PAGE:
America's economic recovery as well as its ability to stay ahead of the cutting edge of global technological development are both becoming increasingly centered on the future of patent reform.
The unprecedented explosion of American growth and prosperity over the past two centuries has been built on the engine of the genius, industry, entrepreneurship and innovation of individual men and women who have made the United States the global leader in technological advances in every field from finance to defense to medical science. These advances have allowed Americans to enjoy a standard of living almost unimaginably higher than any other civilization in history.
The role of Congress in protecting our free-market economic engine and spurring innovation has evolved over time, but it is clearly rooted in the Constitution's mandate "to promote the Progress of Science and useful Arts, by securing for limited Times to Authors and Inventors the exclusive Right to their respective Writings and Discoveries."
Patents play a vital role in incentivizing the risk-taking inherent in technological development. Consider, for instance, that by 1928, Thomas Edison's inventions comprised 7 percent of the nation's gross domestic product. He was the holder of more than 1,000 patents. Indeed, President Ronald Reagan said in his first inaugural address that, "If we look to the answer as to why for so many years we achieved so much, prospered as no other people on earth, it was because here in this land we unleashed the energy and individual genius of man to a greater extent than has ever been done before."
However, as the importance of patents has increased, the backlog of patent applications has climbed to a historic 1.2 million applications waiting to be reviewed, which has heightened concerns about the fairness, effectiveness and efficiency of the current system, drawing Congress' eye to the need for reform.
As a patent holder myself, I have several concerns with the patent reform legislation currently making its way through the Senate in the form of S. 515, the Patent Reform Act, which will likely serve as the vehicle for reform.
First and most importantly, the Senate managers amendment changes the current patent process from our unique "first to invent" system to a "first to file" system. Purportedly, this change is being done to eliminate costly contests called "interferences" that occur between near-simultaneous inventors who claim the rights to the same subject matter. The goal of eliminating interferences is achievable by simple amendment changing Sec. 102(g) to a first-inventor-to-file criterion.
However, the current version of the amendment does much more, actually altering all of Sec. 102 to redefine the prior art and essentially gut the American one-year grace period, which has historically been a unique characteristic of the U.S. patent system. The one-year grace period is a time in which inventors are allowed to further develop, perfect and begin to market their product to investors and potential business partners in order to obtain the necessary funds to complete the patent application process. Many times, this is the first opportunity inventors will have to start a small technology-based business for the first time, which often requires obtaining loans and legal counsel as they seek to navigate the tedious patent process. The grace period has thus provided a critical protection against losing their patent rights because of leaks or inadvertent disclosure of information related to their invention prior to making their patent application. To alter or eliminate this grace period would be a grave mistake and would only serve to undermine patent holders' rights and hamper innovation.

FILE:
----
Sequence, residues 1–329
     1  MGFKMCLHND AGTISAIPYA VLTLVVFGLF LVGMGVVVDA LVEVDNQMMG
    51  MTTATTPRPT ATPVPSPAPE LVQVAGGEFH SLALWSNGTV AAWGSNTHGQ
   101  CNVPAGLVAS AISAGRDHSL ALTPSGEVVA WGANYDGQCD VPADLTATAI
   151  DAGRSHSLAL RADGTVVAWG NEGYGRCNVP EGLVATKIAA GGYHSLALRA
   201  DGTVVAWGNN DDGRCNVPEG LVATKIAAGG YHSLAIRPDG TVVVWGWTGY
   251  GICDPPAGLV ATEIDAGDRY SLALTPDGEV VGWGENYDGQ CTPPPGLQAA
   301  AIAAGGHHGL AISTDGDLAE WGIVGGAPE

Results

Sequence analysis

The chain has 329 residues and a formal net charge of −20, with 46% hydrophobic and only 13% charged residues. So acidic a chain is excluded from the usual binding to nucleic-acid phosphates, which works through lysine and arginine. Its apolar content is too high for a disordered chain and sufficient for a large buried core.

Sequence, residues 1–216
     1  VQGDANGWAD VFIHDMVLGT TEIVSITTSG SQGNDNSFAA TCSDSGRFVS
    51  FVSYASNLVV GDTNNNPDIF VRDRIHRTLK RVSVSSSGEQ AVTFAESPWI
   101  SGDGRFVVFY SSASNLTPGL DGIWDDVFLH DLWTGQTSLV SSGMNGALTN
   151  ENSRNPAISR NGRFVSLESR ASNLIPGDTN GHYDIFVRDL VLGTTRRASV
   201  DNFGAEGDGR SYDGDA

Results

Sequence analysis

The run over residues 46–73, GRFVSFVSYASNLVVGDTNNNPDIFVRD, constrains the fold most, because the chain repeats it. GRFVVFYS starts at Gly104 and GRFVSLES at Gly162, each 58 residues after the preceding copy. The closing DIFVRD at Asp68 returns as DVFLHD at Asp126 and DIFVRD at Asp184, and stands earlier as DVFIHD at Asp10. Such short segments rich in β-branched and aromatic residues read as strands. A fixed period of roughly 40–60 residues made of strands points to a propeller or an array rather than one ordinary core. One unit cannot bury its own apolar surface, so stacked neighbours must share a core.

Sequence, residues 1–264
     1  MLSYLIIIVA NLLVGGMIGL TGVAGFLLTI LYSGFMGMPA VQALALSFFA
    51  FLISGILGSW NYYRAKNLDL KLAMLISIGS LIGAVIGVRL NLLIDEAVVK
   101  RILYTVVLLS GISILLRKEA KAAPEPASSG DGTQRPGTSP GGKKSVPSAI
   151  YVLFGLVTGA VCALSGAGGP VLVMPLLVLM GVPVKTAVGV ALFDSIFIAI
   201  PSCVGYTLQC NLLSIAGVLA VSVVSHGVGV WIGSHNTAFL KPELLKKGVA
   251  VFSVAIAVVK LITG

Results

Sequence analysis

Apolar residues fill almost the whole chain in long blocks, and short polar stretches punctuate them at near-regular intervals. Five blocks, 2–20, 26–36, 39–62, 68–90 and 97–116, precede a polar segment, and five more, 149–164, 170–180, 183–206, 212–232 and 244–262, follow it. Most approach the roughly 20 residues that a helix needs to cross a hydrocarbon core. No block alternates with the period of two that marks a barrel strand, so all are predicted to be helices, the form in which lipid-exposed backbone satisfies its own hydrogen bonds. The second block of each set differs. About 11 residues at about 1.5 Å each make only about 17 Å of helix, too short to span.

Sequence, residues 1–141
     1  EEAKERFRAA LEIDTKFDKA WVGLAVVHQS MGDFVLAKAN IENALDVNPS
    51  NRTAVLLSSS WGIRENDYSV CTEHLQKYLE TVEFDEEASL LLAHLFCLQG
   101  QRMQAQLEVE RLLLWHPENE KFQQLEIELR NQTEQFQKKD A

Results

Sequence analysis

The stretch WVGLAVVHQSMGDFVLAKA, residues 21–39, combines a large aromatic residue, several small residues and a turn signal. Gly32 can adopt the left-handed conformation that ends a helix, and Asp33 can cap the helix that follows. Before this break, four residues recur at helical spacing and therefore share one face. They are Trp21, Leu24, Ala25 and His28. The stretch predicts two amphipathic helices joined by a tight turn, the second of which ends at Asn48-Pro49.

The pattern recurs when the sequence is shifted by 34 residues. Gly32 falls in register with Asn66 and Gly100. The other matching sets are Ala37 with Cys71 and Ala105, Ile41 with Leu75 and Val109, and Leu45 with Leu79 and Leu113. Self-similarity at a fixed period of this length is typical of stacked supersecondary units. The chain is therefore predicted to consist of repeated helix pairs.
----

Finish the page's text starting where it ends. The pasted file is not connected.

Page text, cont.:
Two other areas of concern lie in the need to (1) refrain from creating an administrative post-grant opposition procedure that would only increase the uncertainty and bureaucracy in the current patent process, and (2) protect inventors' ability to amend their pending patent applications. Changes have repeatedly been made to both these areas; however, it is a positive sign that the Senate manager's amendment to S. 515 seems to adequately address both of them by lowering the threshold for authorizing post-grant review and by including a new post-grant supplemental examination section to allow a patent owner to submit potentially pertinent art to the U.S. Patent and Trademark Office. I believe these changes will prevent serial challenges to patents at the USPTO and in the courts, thereby protecting the value of U.S. patent rights at a time when America's economic recovery is dependent on the strength of U.S. innovation. It's important that these changes remain preserved when the House reviews patent reform legislation.
The U.S. Patent and Trademark Office could potentially hold the key to creating literally millions of jobs if the patent process is reformed effectively. In fact, a recent study estimates that the "forgone innovation" that has resulted from the significant patent delays is costing the economy billions of dollars annually. As Congress undertakes to bring significant reform to the patent system, it must take caution to avoid worsening the bureaucratic mess hindering Americans' ability to realize the benefits of their own intellectual property.
Rep. Trent Franks (R-Ariz.) is ranking member on the Judiciary Subcommittee on Commercial and Administrative Law.